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Gardon

So the question is... can SDL keep up with directx on a professional level?

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State your opinions/facts/whatever here. I'm very interested to see what goes on, mostly because I've had experience with both SDL and directx. Should I quit SDL and just work primarily on DirectX? It just seems so much longer and complex to get something running though... Gardon

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There is nothing preventing SDL from being used on a totaly professional project. Game companies may only use DirectX instead because it has been the industry standard for PC games since windows 98. But license-wise, and tech wise, there is nothing preventing it from being used professionaly.

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does that mean professionally as in SDL alone, or SDL with OpenGL. I mean, If I'm going to use SDL and OpenGL, it's almost like SDL and directx.

I'm talking about SDL alone, is it capable?

I don't want to have to mix it with another API.

Gardon

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Is it capable? Possibly. I'd tend to say no, however. Although it has some excellent functionality, it's developed on a small scale and not for profit. DirectX is developed on a large scale, and though it is distributed for free they make huge profit from various vendor licensing. (And besides, it's Microsoft...they can throw money at something all year to make it good.) You can witness the difference in the documentation, for example -- SDL's is small and incomplete, while that of DirectX is more what you'd expect of an API. SDL by itself doesn't do accelerated 3d, of course, you have to get the OpenGL addon for that. Then it's a case of, does SDL provide all the 3d functionality through OpenGL that DirectX does? Probably not, but I can't say as I haven't looked into that area of it. If you're going to do 3d programming, the most flexible way is to use the API directly, be it DirectX or OpenGL. So the question is, does SDL provide all the functionality that you need? Your best bet would be to familiarize yourself with SDL and then answer that question on a per-project basis. For small-to-mid sized projects, SDL would probably be fine, and as you say it's easier to use than DirectX. For larger projects, you may not want to sacrifice the control.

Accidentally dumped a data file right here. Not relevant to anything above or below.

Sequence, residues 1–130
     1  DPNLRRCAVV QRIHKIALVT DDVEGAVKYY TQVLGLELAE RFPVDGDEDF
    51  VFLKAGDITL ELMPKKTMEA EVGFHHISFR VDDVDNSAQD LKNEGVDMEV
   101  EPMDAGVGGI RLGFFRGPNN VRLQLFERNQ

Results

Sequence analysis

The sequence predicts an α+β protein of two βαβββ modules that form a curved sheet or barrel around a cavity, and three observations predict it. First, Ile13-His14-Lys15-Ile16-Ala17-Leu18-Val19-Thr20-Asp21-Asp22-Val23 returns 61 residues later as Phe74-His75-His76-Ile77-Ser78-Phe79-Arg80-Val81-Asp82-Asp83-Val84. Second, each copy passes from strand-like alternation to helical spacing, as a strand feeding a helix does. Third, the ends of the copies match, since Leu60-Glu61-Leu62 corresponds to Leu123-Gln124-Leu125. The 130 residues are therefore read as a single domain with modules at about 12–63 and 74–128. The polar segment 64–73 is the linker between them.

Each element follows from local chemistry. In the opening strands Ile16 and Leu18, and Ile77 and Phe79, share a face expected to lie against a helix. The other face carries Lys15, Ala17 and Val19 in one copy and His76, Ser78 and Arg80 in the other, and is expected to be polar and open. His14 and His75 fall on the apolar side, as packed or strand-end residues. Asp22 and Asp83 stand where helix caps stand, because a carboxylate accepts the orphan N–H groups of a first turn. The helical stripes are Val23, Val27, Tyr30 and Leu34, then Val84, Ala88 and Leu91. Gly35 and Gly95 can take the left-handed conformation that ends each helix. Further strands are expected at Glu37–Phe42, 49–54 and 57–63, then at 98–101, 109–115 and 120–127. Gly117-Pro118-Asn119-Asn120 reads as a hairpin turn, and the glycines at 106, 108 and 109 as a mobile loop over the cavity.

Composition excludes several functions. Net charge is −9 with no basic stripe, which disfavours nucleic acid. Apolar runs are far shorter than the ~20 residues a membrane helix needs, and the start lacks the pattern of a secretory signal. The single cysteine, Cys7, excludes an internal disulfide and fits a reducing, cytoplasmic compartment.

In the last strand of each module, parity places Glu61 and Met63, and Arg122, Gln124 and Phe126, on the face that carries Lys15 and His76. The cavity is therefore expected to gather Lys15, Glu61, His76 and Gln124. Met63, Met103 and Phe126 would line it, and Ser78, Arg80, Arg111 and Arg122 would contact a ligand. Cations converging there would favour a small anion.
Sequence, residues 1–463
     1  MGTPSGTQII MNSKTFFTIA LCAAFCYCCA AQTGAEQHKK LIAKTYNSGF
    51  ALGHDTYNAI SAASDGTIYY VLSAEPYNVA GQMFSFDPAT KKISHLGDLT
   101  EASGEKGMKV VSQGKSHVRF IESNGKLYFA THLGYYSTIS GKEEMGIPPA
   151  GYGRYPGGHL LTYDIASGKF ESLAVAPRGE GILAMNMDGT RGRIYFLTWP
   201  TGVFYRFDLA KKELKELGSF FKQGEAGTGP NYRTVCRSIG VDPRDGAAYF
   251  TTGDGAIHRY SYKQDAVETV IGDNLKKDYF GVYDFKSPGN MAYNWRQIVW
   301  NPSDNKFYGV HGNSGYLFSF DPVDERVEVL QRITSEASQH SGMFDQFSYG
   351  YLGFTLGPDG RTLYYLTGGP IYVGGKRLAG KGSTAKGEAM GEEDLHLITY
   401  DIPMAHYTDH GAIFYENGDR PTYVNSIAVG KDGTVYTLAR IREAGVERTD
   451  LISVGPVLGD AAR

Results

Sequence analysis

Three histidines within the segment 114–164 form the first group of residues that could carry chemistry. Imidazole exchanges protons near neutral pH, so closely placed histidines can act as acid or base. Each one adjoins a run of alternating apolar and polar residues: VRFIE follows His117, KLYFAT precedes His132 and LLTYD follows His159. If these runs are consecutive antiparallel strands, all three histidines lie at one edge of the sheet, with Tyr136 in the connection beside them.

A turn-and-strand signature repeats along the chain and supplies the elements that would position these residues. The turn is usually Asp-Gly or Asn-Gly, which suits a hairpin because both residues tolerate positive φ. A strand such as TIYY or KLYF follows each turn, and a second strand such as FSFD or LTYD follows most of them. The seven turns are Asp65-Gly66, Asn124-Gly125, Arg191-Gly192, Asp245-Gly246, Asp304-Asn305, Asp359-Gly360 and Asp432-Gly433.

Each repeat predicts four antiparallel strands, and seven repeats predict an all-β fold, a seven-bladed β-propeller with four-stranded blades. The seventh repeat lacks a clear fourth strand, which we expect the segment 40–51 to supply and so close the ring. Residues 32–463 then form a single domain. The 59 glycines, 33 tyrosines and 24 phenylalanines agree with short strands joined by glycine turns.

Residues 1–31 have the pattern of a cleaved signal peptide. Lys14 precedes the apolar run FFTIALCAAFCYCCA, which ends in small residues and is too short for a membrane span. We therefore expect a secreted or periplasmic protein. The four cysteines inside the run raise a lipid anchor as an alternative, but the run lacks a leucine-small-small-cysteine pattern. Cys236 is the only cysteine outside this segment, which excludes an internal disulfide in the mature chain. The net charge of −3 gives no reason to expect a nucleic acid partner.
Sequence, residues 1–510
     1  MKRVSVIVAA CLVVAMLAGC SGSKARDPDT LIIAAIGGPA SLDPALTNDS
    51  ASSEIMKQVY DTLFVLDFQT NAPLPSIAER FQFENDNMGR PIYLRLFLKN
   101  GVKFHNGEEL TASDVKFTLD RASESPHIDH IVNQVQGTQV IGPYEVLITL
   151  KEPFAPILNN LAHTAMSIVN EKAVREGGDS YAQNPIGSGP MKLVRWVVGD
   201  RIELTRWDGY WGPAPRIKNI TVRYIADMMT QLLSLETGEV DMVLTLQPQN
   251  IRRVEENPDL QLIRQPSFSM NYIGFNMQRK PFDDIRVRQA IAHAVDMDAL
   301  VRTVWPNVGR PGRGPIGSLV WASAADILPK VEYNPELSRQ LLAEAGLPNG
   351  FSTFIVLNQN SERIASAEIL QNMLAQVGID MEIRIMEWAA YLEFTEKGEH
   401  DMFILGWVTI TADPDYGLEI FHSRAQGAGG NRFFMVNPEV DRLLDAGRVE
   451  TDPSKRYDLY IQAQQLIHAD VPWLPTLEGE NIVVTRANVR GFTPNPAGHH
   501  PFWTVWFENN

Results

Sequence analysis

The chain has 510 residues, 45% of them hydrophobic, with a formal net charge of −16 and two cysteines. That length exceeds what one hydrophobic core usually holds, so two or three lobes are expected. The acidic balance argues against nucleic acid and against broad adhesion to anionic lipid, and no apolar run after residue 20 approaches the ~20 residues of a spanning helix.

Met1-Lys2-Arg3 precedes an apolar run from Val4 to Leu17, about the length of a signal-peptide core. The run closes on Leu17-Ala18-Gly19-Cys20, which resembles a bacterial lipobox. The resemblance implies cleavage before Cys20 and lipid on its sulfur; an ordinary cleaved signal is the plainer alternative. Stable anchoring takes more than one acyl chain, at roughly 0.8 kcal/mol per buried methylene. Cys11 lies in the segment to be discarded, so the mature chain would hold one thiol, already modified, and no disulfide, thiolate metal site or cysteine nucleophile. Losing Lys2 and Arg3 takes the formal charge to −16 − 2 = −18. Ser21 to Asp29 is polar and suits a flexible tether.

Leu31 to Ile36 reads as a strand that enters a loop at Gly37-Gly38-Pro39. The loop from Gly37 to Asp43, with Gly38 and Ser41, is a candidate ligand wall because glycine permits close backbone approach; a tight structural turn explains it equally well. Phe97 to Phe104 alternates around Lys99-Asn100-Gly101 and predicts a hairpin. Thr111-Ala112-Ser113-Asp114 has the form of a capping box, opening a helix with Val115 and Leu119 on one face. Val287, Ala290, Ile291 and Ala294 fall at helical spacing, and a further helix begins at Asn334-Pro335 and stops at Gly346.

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Quote:
Original post by Gardon
Should I quit SDL and just work primarily on DirectX?
No.

SDl is an abstraction layer. DirectX is an interface technology. On Windows, SDL is implemented in terms of DirectX. Unless your sole intention is to build portable applications, there is merit in continuing to work with DirectX. Even OpenGL developers on Windows frequently use non-graphics DirectX components.

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Quote:
Original post by Oluseyi
Quote:
Original post by Gardon
Should I quit SDL and just work primarily on DirectX?
No.

SDl is an abstraction layer. DirectX is an interface technology. On Windows, SDL is implemented in terms of DirectX. Unless your sole intention is to build portable applications, there is merit in continuing to work with DirectX. Even OpenGL developers on Windows frequently use non-graphics DirectX components.


Or you could use SDL for window initialization, and use DirectX for everything else. That way, you could use both.

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Quote:
Original post by Oluseyi
Quote:
Original post by Gardon
Should I quit SDL and just work primarily on DirectX?
No.

SDl is an abstraction layer. DirectX is an interface technology. On Windows, SDL is implemented in terms of DirectX. Unless your sole intention is to build portable applications, there is merit in continuing to work with DirectX. Even OpenGL developers on Windows frequently use non-graphics DirectX components.
-edited-

Okay, in other words, SDL is rather thin and easy to learn. The documentation is, for the most part, very good. Further, what you learn in DirectX will likely help you with SDL and vice versa, so knowing both won't hurt.

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What about isometric 2d games? Would a combination of SDL and DirectX be better?

My problem is that I don't really want to learn OpenGL, when I have so many books on directx.

However, for the long run, should I learn DirectX and SDL, so that I can slip into 3d easier?

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Again with portability... when you're making a game, do you really worry about what operating system it will be played on? I mean, probably more than 90 percent of people that own computers own windows, so why not go with the majority? Is it worth the hassle to build it cross-platform, for the extra 10 percent?

Gardon

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